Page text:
We see some really neat cloud formations today. We're trying to learn to read the clouds and so have an idea on upcoming weather without having to rely on forecasts. Have a handy little book and everything. The weather patterns we read today suggest tomorrow might have some unsettled times, but the rest of today should remain mostly quiet (coincidentally, that's what the predicted forecast says too, which, already having seen the one might might have influenced the reading of the other).
Pull into Bluffer's Park (which is quite pretty) after radioing ahead to find our designated dock for the night. Getting to the marina office involves navigating a maze of piers and locked gates, but we manage it eventually. Then we stop at the pub at the marina for supper. Nice place, even has houses on the water--not house boats, but actual houses built specifically to float right there at the edge of the shore. Pretty funky (we saw one advertised for sale later for about $1 000 000, so maybe not our next house).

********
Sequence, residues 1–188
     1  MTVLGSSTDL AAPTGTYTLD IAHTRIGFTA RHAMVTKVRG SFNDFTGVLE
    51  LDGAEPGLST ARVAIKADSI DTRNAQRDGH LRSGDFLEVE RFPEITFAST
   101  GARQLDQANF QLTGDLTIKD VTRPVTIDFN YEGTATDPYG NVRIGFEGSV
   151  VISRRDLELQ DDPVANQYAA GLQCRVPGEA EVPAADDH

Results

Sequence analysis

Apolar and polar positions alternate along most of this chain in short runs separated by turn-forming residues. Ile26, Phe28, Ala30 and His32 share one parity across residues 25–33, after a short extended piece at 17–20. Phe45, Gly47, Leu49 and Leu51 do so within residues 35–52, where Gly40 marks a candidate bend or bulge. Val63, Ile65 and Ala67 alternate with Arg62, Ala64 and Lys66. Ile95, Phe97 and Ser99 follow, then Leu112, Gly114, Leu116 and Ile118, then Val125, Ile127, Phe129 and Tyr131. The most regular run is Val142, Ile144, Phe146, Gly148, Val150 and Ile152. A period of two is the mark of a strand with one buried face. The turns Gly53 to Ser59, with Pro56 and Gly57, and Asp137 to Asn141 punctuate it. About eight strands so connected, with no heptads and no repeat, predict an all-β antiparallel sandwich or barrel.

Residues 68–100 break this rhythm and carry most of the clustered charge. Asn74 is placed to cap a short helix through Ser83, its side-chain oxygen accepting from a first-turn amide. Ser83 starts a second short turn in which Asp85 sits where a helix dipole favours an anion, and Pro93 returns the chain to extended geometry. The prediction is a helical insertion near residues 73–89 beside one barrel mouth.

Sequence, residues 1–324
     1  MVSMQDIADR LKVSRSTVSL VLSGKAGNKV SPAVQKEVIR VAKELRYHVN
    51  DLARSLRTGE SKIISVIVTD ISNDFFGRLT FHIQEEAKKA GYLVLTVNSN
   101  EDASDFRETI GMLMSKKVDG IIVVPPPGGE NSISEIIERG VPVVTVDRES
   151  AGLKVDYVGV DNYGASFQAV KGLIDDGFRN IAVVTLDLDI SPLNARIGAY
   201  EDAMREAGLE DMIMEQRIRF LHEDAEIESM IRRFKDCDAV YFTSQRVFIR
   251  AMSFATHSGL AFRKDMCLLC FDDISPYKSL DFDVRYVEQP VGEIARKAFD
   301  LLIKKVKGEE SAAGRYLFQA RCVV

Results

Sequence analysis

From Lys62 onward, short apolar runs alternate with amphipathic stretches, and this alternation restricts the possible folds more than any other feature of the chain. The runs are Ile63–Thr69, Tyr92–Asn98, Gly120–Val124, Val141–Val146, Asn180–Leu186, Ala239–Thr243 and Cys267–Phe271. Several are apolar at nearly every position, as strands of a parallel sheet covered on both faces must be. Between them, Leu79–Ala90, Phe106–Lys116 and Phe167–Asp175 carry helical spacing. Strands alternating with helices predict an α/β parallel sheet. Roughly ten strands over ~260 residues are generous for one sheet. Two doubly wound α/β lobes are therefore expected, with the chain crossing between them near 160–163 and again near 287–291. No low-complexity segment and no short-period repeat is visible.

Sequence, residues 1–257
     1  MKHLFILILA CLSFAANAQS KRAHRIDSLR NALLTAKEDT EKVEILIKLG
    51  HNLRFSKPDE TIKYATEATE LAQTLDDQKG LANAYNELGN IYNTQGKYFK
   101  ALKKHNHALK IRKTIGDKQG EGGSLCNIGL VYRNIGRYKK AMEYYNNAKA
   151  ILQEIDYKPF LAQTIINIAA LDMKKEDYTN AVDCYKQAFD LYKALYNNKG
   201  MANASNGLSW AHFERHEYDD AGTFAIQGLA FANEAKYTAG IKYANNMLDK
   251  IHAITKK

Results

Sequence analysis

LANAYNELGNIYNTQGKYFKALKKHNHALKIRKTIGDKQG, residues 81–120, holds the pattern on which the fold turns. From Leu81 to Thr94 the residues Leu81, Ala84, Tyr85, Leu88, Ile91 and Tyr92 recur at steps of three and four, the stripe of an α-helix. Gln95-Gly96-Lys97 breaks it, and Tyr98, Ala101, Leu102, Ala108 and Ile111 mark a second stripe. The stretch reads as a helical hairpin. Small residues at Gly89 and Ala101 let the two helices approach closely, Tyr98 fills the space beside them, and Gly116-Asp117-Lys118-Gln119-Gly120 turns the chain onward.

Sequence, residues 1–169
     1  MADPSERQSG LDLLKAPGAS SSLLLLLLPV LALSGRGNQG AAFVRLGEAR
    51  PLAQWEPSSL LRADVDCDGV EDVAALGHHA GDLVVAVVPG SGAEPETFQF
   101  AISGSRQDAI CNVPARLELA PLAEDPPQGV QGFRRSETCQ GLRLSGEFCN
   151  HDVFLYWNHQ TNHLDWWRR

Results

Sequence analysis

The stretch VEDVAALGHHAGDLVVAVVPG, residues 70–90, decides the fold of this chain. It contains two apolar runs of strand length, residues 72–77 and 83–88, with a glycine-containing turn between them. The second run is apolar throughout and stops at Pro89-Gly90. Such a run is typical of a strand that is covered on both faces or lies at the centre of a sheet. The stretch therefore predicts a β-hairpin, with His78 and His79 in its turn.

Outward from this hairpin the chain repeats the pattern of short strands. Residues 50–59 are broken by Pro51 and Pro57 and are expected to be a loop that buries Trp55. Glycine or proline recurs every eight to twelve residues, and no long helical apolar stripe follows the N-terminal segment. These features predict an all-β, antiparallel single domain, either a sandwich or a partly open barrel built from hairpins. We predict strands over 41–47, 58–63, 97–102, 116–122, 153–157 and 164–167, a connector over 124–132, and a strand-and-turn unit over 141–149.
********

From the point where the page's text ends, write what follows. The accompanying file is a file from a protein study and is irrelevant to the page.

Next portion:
The wind picks up in the early hours, and we have a decision to make. Originally, we had thought to make it to Hamilton today, but weather reports (and yesterday's clouds, of course) suggest rain and thunderstorms. So, do we stay at Bluffer's Park, try to make it to Hamilton, or see if there's somewhere in between we try to get to? Maybe Port Credit or Toronto Outer Harbour? Mike calls ahead to Port Credit, but it turns out they're under water and have no open slips. There's a marina around the corner that specialises in transient docking, but they're not answering the phone. Outer Harbour has a spot, if we want, and we decide to give it a try.
The wind settles some as we head out. We even brave putting up the sails, but then Mike sees the line of weather ahead, and we pull down the mainsail, using only the jib--easy to haul in without having to go up front if things turn nasty. Mike decides to call another marina (the Port book Jeff and Marie left has every marina and transient dock on Lake Ontario, including contact information). Lakeshore Promenade in Mississauga sounds very inviting and they have a spot. So we continue heading in the direction of Toronto, watching the line of rain hugging the shore. And it stays there, leaving the Lake free from precipitation right through to Mississauga.